By Pablo A. Tariman, Vera Files
Catanduanes, the country's 12th largest island of the country's 7,000 or so islands, is observing its 67th founding anniversary with street dancing, a beauty pageant for both sexes (a Binibini and Ginoong Catanduanes), and with obligatory speeches from both local and national politicians.
This is the home province of former senator Francisco "Kit" Tatad and the famous political clans, the Albertos, the Verceleses and likewise the land of birth of the Sarmiento brothers, Rep. Cesar V. Sarmiento; Jorge V. Sarmiento, president and chief operating officer of the Philippine Amusement and Gaming Corporation; Rene V. Sarmiento, commissioner of Commission on Elections, and Juan V. Sarmiento of the Philippine Daily Inquirer.
The island is also the home province of kundiman queen Carmen Camacho and the home province of Anna Bagadiong, the mother of Germany's top rapper, Kay One, who is Kenneth Glöckler in real life.
Some 67 years after it was founded as a province separate from Albay, Catanduanes has seen a cycle of birth and death, growth and destruction and three generations of worthy sons and politicians.
Catanduanes musiciansThe poets who recorded the island's idyllic past and present were the late José Tablizo and Benito Bagadiong (the German's rapper's grandfather). The fictionist of Catanduanes was Romulo Lofamia.
It is said that the Albertos brought in the first wave of infrastructures and the Verceleses introduced the island's first cordless phones and cellular gadgets. Indeed, Rep. Jun Verceles and his Filnet 2000 surely brought in the TV sets and the cellular phones in the early 90s and in between, the movie stars and basketball teams. Tatad was a favorite patron of would-be priests in need of ordination sponsors and this sat well with the island and first and last cardinal, Cardinal Sanchez.
Congressman Sarmiento comes from a family of non-politicians and his lifestyle shows it. He moves around without bodyguards (the status symbol of the old politicians) and is keen on changing the face of politics in the island on top of preserving the province's cultural heritage.
At a glance, surviving musicians in Catanduanes and music mentor Nestor Publico still tutor young musicians literally for a song. The island's "national" dance is the pantomina, and it is a common sight during town fiestas and election period. The most active and versatile theater group used to be Efren Sorra's Hablon Dawani, which toured the island with no regular funding but with lots of passion and dedication.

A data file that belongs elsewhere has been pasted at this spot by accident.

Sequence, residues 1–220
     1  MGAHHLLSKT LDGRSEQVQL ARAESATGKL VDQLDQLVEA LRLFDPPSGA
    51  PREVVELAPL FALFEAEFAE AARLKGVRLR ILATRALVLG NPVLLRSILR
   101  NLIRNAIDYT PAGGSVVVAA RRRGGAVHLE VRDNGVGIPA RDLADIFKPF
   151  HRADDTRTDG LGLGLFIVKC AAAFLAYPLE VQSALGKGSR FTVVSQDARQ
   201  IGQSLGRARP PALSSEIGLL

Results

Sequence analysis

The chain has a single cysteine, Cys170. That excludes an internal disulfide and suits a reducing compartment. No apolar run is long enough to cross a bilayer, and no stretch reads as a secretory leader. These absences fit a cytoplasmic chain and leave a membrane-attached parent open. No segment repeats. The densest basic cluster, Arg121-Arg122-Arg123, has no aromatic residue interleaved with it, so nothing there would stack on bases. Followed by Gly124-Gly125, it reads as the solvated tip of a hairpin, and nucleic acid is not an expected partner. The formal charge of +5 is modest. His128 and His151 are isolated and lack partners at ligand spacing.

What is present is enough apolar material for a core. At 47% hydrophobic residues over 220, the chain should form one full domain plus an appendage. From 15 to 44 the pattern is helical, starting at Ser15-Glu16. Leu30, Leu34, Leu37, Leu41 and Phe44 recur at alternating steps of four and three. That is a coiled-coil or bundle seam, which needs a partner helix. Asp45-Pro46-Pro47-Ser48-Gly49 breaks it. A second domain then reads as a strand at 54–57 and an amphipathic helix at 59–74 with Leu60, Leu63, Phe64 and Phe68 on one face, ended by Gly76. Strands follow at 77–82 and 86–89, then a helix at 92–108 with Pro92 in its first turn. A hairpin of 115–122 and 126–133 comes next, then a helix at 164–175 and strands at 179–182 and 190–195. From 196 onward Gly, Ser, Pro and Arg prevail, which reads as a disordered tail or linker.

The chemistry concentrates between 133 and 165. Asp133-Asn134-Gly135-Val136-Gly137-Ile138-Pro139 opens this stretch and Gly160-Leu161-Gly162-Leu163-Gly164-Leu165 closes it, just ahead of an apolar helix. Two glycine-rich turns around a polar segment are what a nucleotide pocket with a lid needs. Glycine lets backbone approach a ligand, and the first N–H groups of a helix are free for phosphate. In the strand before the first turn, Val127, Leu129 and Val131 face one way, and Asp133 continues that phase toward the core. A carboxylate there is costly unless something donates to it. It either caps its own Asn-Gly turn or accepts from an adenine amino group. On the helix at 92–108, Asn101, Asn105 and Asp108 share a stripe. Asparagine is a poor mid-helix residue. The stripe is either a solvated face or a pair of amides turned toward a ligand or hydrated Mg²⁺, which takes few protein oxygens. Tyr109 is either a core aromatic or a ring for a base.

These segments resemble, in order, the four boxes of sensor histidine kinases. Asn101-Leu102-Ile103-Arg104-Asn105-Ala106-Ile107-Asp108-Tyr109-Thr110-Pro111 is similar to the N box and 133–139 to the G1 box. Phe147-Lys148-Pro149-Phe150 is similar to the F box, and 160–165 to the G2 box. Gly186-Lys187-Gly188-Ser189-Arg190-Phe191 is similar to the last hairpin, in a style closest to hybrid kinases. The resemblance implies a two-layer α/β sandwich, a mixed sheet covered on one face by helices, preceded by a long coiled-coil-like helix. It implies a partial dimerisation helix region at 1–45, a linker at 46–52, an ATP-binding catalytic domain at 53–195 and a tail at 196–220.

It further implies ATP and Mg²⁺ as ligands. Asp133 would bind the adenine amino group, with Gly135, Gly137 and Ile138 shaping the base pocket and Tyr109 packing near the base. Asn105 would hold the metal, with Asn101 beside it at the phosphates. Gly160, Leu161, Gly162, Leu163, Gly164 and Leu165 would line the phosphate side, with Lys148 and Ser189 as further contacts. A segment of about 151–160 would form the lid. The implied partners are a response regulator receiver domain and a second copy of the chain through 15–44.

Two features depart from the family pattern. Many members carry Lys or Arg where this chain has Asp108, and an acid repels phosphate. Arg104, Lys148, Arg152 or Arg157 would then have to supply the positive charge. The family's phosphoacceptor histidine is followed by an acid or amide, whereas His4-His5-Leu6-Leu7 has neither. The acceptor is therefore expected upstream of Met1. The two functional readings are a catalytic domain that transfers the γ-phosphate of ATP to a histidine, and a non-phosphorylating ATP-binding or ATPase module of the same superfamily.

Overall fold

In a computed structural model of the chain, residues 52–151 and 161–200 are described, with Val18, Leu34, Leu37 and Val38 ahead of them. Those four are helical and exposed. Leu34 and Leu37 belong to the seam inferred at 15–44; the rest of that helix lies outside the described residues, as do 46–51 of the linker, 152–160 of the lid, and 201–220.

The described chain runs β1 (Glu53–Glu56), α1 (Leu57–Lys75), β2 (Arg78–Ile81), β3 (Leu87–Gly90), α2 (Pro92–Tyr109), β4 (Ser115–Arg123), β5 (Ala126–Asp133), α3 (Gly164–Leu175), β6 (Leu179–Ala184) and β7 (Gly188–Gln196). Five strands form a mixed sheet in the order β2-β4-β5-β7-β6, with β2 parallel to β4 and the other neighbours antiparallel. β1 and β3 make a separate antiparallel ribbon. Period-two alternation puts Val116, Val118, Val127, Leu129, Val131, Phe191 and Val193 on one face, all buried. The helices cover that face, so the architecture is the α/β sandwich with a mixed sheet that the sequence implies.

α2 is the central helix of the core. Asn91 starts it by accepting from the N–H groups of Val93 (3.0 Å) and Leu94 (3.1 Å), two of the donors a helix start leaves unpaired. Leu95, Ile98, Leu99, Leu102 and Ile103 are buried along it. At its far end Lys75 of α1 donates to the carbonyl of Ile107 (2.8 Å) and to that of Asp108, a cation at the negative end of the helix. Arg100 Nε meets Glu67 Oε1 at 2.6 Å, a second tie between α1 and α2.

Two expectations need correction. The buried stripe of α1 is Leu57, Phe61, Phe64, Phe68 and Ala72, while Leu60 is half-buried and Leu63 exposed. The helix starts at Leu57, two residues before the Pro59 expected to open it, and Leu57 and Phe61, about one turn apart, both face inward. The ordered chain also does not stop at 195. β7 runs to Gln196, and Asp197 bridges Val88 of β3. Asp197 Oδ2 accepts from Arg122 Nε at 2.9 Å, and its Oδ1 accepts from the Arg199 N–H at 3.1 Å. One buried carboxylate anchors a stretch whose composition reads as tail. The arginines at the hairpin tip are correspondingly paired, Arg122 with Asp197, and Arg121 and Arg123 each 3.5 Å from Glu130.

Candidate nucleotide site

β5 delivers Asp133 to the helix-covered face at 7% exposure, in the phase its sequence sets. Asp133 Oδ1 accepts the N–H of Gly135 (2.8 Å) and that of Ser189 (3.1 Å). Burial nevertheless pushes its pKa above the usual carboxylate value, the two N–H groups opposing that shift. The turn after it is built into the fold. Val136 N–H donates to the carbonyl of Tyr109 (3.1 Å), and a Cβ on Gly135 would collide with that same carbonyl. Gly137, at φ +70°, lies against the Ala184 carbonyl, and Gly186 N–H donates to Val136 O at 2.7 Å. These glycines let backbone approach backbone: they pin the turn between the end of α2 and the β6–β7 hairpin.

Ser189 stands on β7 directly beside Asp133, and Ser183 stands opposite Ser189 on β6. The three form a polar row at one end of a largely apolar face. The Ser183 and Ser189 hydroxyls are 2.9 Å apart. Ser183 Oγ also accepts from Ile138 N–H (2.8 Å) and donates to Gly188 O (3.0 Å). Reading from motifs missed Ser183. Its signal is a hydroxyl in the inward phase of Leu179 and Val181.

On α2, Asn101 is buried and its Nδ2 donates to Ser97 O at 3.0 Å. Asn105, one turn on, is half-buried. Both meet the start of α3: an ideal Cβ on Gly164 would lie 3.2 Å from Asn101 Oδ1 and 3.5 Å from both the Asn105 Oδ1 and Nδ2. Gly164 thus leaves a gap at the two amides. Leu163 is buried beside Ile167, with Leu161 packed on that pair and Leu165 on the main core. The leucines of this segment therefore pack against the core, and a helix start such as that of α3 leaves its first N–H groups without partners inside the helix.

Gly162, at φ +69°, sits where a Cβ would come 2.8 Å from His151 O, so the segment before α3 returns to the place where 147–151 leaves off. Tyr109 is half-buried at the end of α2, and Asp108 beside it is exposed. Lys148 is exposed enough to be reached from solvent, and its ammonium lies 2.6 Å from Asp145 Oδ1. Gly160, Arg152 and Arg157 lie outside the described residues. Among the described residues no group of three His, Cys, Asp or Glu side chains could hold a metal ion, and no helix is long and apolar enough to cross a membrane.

The Center for Catandungan Heritage Inc.-- founded by Estrella Sarmiento Placides and Dave Templonuevo -- has given due recognition to the island's surviving musicians, among them Nestor Publico and his famous father, maestro Teodulo (a UST graduate).The Publicos started formal music lessons in the island in 1933, and virtually for a song. Among the violin students was actor Dindo Fernando, who also hails from Catanduanes.
Meanwhile, Minerva Morales, president of Catanduanes State College, is trying hard to give the performing arts a decent venue by recommending that the former Catanduanes Cultural Center, built by former Rep. Leandro Verceles Jr., be rehabilitated. It became a rice bodega even before it could be inaugurated and now the ceilings are about to give way and the entire venue, including a battered upright piano, are threatened by wind and floodwater.
Rep. Cesar Sarmiento in Macutal FallsRightly or otherwise, progress has caught up with this island's 232,757 people (as of 2007) inhabitants. Pres. Aquino turned over a new PAGASA Doppler Radar for the typhoon prone island, internet cafes have sprouted in all the eleven towns, a fast food chain (Jollibee) finally invaded the island and the provincial government is working hard to promote tourism , among them, the favorite surfing destination in barrio Puraran in Baras town.
Even with progress setting in fast with the advent of cyber age, the Catanduanes that the old timers prefer to remember is the island untouched by bad politics and illegal logging.
Former Virac Vice-Mayor Ariston Sarmiento — whose house reverberates with the music of Mozart and Vivaldi — remembers the idyllic Catanduanes of his youth. "In the days of yore, the mountains of Catanduanes were virtual rainforest. During the island's first road construction project, I remember the nights when deers would casually peep into our tents. There were no tricycles, just horses and carabao carts. Our house was filled with recordings of famous orchestras and opera singers and piano lessons were a must in most families. What I really want my fellow islanders to acquire is a taste for the finer things in life even with the regular onslaught of natural calamities."
The late island poet Jose Tablizo sums up the old Catanduanes before the advent of cell phones and internet cafes:
"There are many things we do not have —
A few things we do have.
We have no hustling, wide, cement boulevards
With glittering streetlights; no sinful women
on the boulevard under the street lights,
We have no traffic jams, no ticket fixers,
We have lazy narrow roads — and lazier streams
We have devastating typhoons and generous seas
For what we do not have, we are proud:
For what we do have we are humble.
(VERA Files is put out by veteran journalists taking a deeper look at current issues. Vera is Latin for "true.")